Grant told the newspaper that his unit of 15 British and American volunteers and two Ukrainian interpreters had been preparing an assault on a Russian-held target when they came under heavy Russian fire earlier this month.
“I’ve never experienced anything like that in my life. I was terrified but driven to complete my most important goal, which at the time was getting him and my team out of the danger,” Grant said.
Since Ukraine’s president Volodymyr Zelenskiy announced the creation of the International Legion of Ukraine in March, thousands of people from around the world, some with a military background and many without, have arrived in Ukraine.
In a briefing on Thursday, the Russian Ministry of Defence said that it had “eliminated hundreds of foreign mercenaries in Ukraine,” adding that 3,500 foreign fighters were currently in the country. The ministry also warned that captured foreign soldiers will not be treated under the standards of international humanitarian law.
The US decision to supply Ukraine with high-precision multiple launch rocket systems was marked with some fanfare in Washington including a rare newspaper commentary by Joe Biden himself.
The Himars (High mobility artillery rocket system) and the ammunition that Washington is sending with them, will allow Ukrainian forces to hit targets nearly 80km away with high accuracy. That’s twice the range of the US howitzers they have now, and about the same as the most powerful Russian rocket systems. US officials suggested they would help turn the withering artillery duel underway in the Donbas into a fairer fight.
However, the small print of the deal was underwhelming. This first Himars delivery comprises just four systems, and although they have been pre-positioned in the region for fast delivery, it will take three weeks to train Ukrainian gunners to use them, and another two weeks to train maintenance crews.
In the meantime, Russian artillery is blanketing Ukrainian positions in the east. President Volodymyr Zelenskiy said in an interview on Wednesday that up to 100 Ukrainian soldiers are being killed a day and another 500 are wounded. Without stand-off weapons that can target the Russian guns from afar, Ukrainian lines are being pummelled and national morale, one of the decisive factors in the successful defence of Kyiv, is also taking a beating.
Zelenskiy’s government has been screaming for multiple launch rockets for weeks, as it became clear that the battle for the east and south had become one of attrition, so why did it take this long for Biden to make the decision to respond?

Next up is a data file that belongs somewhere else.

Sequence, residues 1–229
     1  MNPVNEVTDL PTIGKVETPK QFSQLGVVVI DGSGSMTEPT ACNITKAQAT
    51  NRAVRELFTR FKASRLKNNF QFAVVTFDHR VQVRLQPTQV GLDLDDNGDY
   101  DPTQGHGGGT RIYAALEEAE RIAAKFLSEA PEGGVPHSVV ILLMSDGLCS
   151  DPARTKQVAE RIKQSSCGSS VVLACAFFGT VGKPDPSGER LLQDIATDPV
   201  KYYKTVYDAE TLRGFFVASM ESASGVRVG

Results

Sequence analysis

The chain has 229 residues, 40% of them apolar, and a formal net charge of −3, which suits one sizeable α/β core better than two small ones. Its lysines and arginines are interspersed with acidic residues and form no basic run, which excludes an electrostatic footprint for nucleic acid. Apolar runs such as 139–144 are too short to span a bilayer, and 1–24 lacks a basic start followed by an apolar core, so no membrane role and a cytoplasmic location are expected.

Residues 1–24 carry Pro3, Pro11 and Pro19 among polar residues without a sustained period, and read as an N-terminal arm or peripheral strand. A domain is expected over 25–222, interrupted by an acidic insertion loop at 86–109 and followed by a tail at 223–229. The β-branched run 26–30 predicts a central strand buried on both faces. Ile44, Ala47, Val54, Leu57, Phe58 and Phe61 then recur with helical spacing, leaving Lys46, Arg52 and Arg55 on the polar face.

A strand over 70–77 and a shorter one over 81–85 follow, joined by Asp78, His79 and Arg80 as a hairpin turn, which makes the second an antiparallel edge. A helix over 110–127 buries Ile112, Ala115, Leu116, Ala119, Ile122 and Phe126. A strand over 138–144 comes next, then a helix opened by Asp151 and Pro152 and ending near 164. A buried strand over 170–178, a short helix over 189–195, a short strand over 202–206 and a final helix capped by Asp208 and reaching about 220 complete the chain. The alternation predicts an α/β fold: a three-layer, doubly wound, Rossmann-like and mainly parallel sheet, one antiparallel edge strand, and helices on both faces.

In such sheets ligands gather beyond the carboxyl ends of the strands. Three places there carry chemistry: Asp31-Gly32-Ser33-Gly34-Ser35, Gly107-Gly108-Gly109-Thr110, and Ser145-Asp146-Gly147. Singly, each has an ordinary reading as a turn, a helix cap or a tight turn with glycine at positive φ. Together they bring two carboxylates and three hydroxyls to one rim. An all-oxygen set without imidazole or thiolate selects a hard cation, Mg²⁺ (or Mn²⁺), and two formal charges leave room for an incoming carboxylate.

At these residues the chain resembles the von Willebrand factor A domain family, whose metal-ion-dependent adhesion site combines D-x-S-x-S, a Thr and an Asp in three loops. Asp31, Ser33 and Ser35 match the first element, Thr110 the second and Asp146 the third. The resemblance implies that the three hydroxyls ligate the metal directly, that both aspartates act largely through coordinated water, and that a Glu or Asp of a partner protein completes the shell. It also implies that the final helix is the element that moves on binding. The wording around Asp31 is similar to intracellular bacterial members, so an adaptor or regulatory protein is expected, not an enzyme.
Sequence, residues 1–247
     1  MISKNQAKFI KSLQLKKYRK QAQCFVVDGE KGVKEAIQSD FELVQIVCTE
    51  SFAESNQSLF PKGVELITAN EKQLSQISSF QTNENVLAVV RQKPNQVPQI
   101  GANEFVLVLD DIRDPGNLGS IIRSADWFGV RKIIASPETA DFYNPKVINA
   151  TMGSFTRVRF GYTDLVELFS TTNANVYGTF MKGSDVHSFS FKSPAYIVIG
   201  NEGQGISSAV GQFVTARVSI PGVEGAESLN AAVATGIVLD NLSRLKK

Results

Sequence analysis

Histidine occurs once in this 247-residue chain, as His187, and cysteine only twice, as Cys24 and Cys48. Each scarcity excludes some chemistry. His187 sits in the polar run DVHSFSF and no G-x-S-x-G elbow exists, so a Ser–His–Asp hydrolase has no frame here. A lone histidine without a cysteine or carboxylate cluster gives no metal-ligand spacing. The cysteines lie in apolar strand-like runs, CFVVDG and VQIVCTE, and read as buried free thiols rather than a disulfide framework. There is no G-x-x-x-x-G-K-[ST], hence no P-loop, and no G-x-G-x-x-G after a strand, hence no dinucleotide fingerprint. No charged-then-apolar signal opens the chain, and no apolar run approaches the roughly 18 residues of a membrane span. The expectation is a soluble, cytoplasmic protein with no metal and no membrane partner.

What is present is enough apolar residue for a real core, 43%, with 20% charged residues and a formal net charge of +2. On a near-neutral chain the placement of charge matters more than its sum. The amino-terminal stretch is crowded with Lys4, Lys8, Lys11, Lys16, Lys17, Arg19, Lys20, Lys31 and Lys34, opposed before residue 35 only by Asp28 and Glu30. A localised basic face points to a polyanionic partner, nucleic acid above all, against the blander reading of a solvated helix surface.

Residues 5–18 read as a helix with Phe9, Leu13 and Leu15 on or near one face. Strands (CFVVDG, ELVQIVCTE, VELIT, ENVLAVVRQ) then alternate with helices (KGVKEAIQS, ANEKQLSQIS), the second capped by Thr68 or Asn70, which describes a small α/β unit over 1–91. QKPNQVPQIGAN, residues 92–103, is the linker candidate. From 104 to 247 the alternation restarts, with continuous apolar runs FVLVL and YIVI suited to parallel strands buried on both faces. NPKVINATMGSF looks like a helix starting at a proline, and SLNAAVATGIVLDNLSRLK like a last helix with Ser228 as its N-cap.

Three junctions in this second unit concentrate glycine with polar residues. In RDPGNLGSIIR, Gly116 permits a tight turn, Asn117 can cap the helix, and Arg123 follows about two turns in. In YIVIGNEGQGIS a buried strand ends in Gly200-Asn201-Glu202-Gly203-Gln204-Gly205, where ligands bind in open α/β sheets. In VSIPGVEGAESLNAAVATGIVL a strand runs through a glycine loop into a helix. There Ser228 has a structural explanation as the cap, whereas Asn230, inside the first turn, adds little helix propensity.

Read Julian’s full analysis: Biden’s pledge to send rocket systems to Ukraine is no silver bullet
Weapons sent to Ukraine after Russia’s invasion in February will end up in the global hidden economy and in the hands of criminals, the head of Interpol has said.
Jürgen Stock says once the conflict ends, a wave of guns and heavy arms will flood the international market and he urged Interpol’s member states, especially those supplying weapons, to cooperate on arms tracing.
“Once the guns fall silent [in Ukraine], the illegal weapons will come. We know this from many other theatres of conflict. The criminals are even now, as we speak, focusing on them,” Stock said.
“Criminal groups try to exploit these chaotic situations and the availability of weapons, even those used by the military and including heavy weapons. These will be available on the criminal market and will create a challenge. No country or region can deal with it in isolation because these groups operate at a global level.”
We can expect an influx of weapons in Europe and beyond. We should be alarmed and we have to expect these weapons to be trafficked not only to neighbouring countries but to other continents.
He said Interpol urged members to use its database to help “track and trace” the weapons. “We are in contact with member countries to encourage them to use these tools. Criminals are interested in all kinds of weapons … basically any weapons that can be carried might be used for criminal purposes.”
Ukraine’s western allies have sent shipments of high-end military weapons to Ukraine since the Russian invasion more than three months ago. On Tuesday, the American president, Joe Biden, announced the US would supply Kyiv with advanced missile systems and munitions. After the US pulled out of Afghanistan in 2021, following 20 years of war, huge amounts of often highly sophisticated military equipment was left behind and fell into the hands of the Taliban.
The White House has announced a fresh round of sanctions over Russia’s invasion of Ukraine, targeting Russian government officials and elites close to Vladimir Putin as well as several yachts linked to the president.